• 93 days Could Crypto Overtake Traditional Investment?
  • 97 days Americans Still Quitting Jobs At Record Pace
  • 99 days FinTech Startups Tapping VC Money for ‘Immigrant Banking’
  • 102 days Is The Dollar Too Strong?
  • 103 days Big Tech Disappoints Investors on Earnings Calls
  • 104 days Fear And Celebration On Twitter as Musk Takes The Reins
  • 105 days China Is Quietly Trying To Distance Itself From Russia
  • 106 days Tech and Internet Giants’ Earnings In Focus After Netflix’s Stinker
  • 109 days Crypto Investors Won Big In 2021
  • 110 days The ‘Metaverse’ Economy Could be Worth $13 Trillion By 2030
  • 111 days Food Prices Are Skyrocketing As Putin’s War Persists
  • 113 days Pentagon Resignations Illustrate Our ‘Commercial’ Defense Dilemma
  • 113 days US Banks Shrug off Nearly $15 Billion In Russian Write-Offs
  • 116 days Cannabis Stocks in Holding Pattern Despite Positive Momentum
  • 117 days Is Musk A Bastion Of Free Speech Or Will His Absolutist Stance Backfire?
  • 117 days Two ETFs That Could Hedge Against Extreme Market Volatility
  • 119 days Are NFTs About To Take Over Gaming?
  • 120 days Europe’s Economy Is On The Brink As Putin’s War Escalates
  • 123 days What’s Causing Inflation In The United States?
  • 124 days Intel Joins Russian Exodus as Chip Shortage Digs In
Zombie Foreclosures On The Rise In The U.S.

Zombie Foreclosures On The Rise In The U.S.

During the quarter there were…

What's Behind The Global EV Sales Slowdown?

What's Behind The Global EV Sales Slowdown?

An economic slowdown in many…

  1. Home
  2. Markets
  3. Other

Money Supply and the Dollar

M-3 rose another $16.0 billion last week, and is up $59.2 billion over the last two weeks. That two-week annualized rate of growth is 16.3 percent. Some tightening going on, eh? The Fed jawbones a strategy of monetary tightening by raising short-term interest rates, then does just the opposite by printing hyperinflationary amounts of money out of thin air. They must fear something. Central Bankers in their right minds do not hyper-inflate the economy unless they feel there are extraordinary risks out there that could disrupt markets.

The Master Planners continue to throw fresh Dollars at every economic risk. Just print more money. Just add liquidity to the system. Just devalue the Dollar. Our research indicates that whenever M-3 rises for more than a month, equities rise; and whenever M-3 plateaus or declines for more than a month, equities decline. So, on the surface, more M-3 should be positive for equities. However, at some point the Dollar will devaluate to the point where foreign investors have had enough, dump U.S. financial holdings, and add so much selling pressure that US markets collapse. "When" is the question. The Master Planners seem to believe they can skate through their own personal tenures in office and let the poor slobs who must succeed them deal with the reality of the mess they've created. It is simply an eat, drink, and be merry strategy, for we care not what happens tomorrow. Good for Gold and precious metals, bad for the Dollar and eventually everything else out there.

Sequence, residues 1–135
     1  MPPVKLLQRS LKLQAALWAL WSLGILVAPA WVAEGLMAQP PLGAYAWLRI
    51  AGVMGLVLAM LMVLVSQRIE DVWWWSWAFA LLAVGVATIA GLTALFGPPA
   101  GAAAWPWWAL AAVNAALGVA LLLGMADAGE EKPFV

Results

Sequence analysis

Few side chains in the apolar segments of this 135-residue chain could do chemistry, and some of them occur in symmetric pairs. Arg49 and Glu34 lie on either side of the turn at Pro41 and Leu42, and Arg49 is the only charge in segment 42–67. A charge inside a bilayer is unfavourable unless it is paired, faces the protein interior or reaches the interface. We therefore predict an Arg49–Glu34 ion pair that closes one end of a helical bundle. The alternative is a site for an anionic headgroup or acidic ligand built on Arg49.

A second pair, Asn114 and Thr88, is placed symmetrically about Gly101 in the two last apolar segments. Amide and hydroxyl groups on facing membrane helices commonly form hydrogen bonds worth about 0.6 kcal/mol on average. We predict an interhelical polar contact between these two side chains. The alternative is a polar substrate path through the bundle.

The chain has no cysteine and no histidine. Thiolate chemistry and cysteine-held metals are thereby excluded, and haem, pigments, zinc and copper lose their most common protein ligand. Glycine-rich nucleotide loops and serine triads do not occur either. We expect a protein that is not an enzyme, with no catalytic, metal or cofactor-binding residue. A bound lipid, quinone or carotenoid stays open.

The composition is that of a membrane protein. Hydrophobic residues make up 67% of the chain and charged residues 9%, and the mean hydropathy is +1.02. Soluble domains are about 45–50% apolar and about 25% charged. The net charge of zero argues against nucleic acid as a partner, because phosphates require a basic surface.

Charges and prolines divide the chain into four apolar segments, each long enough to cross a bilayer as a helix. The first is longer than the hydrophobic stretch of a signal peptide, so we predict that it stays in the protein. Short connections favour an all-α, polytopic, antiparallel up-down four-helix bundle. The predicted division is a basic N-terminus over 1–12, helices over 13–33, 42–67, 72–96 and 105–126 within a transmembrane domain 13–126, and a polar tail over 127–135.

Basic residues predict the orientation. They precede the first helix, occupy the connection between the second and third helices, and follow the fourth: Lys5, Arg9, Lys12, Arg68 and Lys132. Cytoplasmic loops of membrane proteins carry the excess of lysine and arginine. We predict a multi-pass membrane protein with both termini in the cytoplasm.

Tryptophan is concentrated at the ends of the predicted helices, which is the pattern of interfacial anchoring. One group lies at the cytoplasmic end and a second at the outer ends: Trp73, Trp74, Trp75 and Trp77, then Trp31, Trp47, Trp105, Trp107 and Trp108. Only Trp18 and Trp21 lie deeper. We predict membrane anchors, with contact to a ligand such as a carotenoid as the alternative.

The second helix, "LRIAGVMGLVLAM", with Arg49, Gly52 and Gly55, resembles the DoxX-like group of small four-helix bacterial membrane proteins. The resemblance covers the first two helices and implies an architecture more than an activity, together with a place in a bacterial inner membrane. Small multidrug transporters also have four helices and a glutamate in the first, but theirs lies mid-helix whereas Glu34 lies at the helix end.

The trade-weighted U.S. Dollar (shown on the next page) continues its five-wave impulse move lower to complete its Minor degree wave 5 of Intermediate degree wave 5, forming a sustainable bottom. The decline this week was sharp, having the personality of a "three" wave, Minuette iii of 5 down, headed toward the December 31st low of 80.39, and perhaps sinking into the high 70's. It finished the week a mere point above the previous low.

The probability of hitting the 70s is increasing as the Dollar has formed a classic Bearish Head & Shoulders top, with the neckline around 82.50ish. Minuette ii up formed the top of the right shoulder, and this week's decline completed and confirmed the pattern. Confirmation came with a decisive break below the neckline, which increases the probability that the minimum downside target will be reached. The minimum downside target for this pattern is 79ish.

Once a sustainable bottom is reached, a multi-month A-B-C rally for Primary degree (2) up should follow. Once the Dollar breaks out above the upper boundary of the long-term declining trendchannel, it should retrace a Fibonacci percent of the huge decline in its value since early 2000. Since the U.S. Dollar fell about 40 points (33 percent), look for a rally to take it back to somewhere between 95 (.382) and 105 (.618). Continued Fed liquidity pumping will delay this rally.

One scenario that could rally the U.S. Dollar is for interest rates to rise while equities fall. That would put a crimp in the Fed's ability to pump excess liquidity into the system to support equities. Dollars would then become more scarce as folks attempt to liquidate assets to meet margin calls or replace the lost value of equities.

We publish technical analysis newsletters of the major U.S. Equity, Bond, Commodity, Precious Metal, and Currency markets, using multiple tools simultaneously, including Elliott Wave Theory, Supply and Demand, Momentum Measures, Dow Theory, Chart Patterns, Cycles, Sentiment Measures, Fibonacci Ratio Measures for Price and Time turn targets, and Analogs of Current Price Behavior with the Past to name a few.

To Subscribe and receive access to these expanded newsletters, Trader's Corner, and our Proprietary Short and Intermediate-term Technical Indicator Indices, I invite you to visit our website at www.technicalindicatorindex.com and simply click on the How to Subscribe button.

"God is our refuge and strength,
A very present help in trouble.
Therefore we will not fear, though the earth should change,
And though the mountains slip into the heart of the sea;"

Psalms 46: 1, 2

Back to homepage

Leave a comment

Leave a comment